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    ABSTRACT: Despite almost 30 years of effective chemotherapy with MDT, the global new case detection rate of leprosy has remained quite constant over the past years. New tools and methodologies are necessary to interrupt the transmission of M. leprae. Single-dose rifampicin (SDR) has been shown to prevent 57% of incident cases of leprosy in the first two years, when given to contacts of newly diagnosed cases. Immunization of contacts with BCG has been less well documented, but appears to have a preventive effect lasting up to 9 years. However, one major disadvantage is the occurrence of excess cases within the first year after immunization. The objective of this study is to examine the effect of chemoprophylaxis with SDR and immunoprophylaxis with BCG on the clinical outcome as well as on host immune responses and gene expression profiles in contacts of newly diagnosed leprosy patients. We hypothesize that the effects of both interventions may be complementary, causing the combined preventive outcome to be significant and long-lasting.Methods/design: Through a cluster randomized controlled trial we compare immunization with BCG alone with BCG plus SDR in contacts of new leprosy cases. Contact groups of around 15 persons will be established for each of the 1300 leprosy patients included in the trial, resulting in approximately 20,000 contacts in total. BCG will be administered to the intervention group followed by SDR, 2 months later. The control group will receive BCG only. In total 10,000 contacts will be included in both intervention arms over a 2-year period. Follow-up will take place one year as well as two years after intake. The primary outcome is the occurrence of clinical leprosy within two years. Simultaneously with vaccination and SDR, blood samples for in vitro analyses will be obtained from 300 contacts participating in the trial to determine the effect of these chemo- and immunoprophylactic interventions on immune and genetic host parameters. Combined chemoprophylaxis and immunoprophylaxis is potentially a very powerful and innovative tool aimed at contacts of leprosy patients that could reduce the transmission of M. leprae markedly. The trial intends to substantiate this potential preventive effect. Evaluation of immune and genetic biomarker profiles will allow identification of pathogenic versus (BCG-induced) protective host biomarkers and could lead to effective prophylactic interventions for leprosy using optimized tools for identification of individuals who are most at risk of developing disease.Trial registration: Netherlands Trial Register: NTR3087.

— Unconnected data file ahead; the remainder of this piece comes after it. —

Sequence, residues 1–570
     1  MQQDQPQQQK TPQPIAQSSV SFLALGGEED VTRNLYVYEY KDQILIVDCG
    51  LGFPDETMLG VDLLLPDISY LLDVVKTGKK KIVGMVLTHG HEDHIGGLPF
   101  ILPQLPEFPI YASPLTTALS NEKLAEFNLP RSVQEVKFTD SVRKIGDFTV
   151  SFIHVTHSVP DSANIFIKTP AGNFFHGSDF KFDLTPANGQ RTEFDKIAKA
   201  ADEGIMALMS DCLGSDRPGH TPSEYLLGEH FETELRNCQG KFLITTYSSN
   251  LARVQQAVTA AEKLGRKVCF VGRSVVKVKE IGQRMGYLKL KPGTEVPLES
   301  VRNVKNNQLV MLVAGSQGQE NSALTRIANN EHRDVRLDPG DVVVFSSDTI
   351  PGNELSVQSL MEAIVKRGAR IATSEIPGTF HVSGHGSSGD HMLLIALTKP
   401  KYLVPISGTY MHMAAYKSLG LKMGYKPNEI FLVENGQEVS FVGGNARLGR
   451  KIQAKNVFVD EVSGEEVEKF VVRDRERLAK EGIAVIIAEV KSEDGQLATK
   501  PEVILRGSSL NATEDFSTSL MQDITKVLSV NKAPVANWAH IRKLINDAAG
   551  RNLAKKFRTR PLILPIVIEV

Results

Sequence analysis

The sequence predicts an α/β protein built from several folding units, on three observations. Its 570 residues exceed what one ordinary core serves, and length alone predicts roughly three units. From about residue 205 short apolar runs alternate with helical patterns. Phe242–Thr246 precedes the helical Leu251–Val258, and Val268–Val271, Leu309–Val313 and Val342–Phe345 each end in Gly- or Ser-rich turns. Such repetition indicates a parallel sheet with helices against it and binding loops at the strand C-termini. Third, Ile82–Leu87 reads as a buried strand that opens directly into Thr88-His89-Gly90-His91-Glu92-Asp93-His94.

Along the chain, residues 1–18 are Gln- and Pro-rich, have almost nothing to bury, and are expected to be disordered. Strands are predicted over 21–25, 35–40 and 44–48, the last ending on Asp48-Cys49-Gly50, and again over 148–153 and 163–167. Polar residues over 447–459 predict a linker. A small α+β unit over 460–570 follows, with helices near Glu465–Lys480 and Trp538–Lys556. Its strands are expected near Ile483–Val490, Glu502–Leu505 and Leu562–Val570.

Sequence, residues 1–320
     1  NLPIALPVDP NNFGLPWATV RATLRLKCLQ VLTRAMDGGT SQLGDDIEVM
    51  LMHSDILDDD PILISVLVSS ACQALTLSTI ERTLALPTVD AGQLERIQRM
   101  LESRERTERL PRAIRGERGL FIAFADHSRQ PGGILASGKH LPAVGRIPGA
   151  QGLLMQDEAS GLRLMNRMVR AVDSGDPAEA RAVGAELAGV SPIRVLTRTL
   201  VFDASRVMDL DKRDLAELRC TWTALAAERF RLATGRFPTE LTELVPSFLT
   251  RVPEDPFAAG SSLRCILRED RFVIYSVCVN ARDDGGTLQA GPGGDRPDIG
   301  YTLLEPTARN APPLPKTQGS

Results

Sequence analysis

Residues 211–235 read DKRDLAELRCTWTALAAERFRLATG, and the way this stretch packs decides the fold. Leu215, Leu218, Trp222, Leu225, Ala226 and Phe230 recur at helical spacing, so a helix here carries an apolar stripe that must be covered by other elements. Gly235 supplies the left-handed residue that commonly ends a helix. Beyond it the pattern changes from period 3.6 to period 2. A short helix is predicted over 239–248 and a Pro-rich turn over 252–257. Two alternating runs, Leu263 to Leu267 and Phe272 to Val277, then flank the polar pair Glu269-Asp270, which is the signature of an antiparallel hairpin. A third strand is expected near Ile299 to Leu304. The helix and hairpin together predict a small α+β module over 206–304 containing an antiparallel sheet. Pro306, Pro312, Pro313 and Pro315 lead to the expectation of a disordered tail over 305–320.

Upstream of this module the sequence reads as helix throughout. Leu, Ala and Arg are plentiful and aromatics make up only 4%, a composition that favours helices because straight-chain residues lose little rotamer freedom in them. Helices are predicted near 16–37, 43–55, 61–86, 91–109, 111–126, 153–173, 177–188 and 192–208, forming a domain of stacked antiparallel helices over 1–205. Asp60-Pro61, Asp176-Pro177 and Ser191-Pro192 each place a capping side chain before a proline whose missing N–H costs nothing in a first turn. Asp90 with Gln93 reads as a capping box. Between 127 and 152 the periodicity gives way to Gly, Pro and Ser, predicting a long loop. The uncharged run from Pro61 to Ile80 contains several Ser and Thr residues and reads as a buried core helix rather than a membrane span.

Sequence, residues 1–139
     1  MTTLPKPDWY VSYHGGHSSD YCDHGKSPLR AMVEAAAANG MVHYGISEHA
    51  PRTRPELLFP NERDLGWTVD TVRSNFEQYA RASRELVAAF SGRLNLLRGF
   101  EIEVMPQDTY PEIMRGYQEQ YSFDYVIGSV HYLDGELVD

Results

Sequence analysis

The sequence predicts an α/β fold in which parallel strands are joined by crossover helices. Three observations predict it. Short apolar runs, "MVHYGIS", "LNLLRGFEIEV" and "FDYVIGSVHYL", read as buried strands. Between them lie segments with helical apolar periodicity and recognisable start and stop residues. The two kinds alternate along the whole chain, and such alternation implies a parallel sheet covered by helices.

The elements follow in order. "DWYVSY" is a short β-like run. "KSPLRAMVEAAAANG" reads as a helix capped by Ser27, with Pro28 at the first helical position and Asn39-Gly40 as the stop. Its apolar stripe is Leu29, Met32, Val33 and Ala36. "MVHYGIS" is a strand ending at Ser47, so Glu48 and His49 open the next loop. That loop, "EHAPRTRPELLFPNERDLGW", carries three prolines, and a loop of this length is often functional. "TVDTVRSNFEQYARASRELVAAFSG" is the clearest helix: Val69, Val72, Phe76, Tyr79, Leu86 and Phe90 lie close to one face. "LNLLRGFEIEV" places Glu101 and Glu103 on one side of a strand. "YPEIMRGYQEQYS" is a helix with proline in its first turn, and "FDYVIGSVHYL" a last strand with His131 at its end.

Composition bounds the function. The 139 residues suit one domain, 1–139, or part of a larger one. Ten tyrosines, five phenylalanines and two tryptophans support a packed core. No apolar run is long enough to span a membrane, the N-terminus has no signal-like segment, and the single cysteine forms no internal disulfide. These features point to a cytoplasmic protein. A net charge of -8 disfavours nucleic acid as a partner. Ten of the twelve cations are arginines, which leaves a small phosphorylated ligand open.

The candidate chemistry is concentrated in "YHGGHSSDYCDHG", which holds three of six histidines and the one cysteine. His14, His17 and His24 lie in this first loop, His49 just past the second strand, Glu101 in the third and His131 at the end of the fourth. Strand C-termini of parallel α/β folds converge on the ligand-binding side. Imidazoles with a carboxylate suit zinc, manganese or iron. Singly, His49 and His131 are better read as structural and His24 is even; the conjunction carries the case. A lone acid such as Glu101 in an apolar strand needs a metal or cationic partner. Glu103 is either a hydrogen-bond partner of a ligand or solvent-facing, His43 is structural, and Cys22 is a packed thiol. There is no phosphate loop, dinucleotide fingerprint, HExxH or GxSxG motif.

Full-text · Article · Oct 2013 · BMC Infectious Diseases